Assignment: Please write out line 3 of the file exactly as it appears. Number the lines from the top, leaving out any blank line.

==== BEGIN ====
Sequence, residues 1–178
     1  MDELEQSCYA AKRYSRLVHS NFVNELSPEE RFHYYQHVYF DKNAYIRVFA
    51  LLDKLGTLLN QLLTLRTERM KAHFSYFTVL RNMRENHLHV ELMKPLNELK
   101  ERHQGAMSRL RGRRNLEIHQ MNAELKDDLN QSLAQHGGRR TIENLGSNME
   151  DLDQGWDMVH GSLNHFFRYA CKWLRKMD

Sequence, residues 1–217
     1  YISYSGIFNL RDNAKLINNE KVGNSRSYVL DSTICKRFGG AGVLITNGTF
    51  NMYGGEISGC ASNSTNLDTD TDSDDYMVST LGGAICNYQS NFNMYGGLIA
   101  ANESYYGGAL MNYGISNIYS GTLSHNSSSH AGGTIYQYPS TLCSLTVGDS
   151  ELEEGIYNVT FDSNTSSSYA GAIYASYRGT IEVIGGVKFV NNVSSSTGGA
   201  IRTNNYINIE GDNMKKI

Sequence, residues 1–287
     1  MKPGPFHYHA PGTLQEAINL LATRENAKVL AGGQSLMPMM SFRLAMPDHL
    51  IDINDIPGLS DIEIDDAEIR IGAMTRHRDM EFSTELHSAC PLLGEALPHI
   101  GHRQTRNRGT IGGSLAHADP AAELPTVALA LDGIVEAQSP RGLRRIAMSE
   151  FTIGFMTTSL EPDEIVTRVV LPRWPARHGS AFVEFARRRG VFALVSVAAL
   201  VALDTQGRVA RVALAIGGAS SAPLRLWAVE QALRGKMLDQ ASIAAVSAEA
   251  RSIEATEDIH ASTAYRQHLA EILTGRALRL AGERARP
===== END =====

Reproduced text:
    51  LLDKLGTLLN QLLTLRTERM KAHFSYFTVL RNMRENHLHV ELMKPLNELK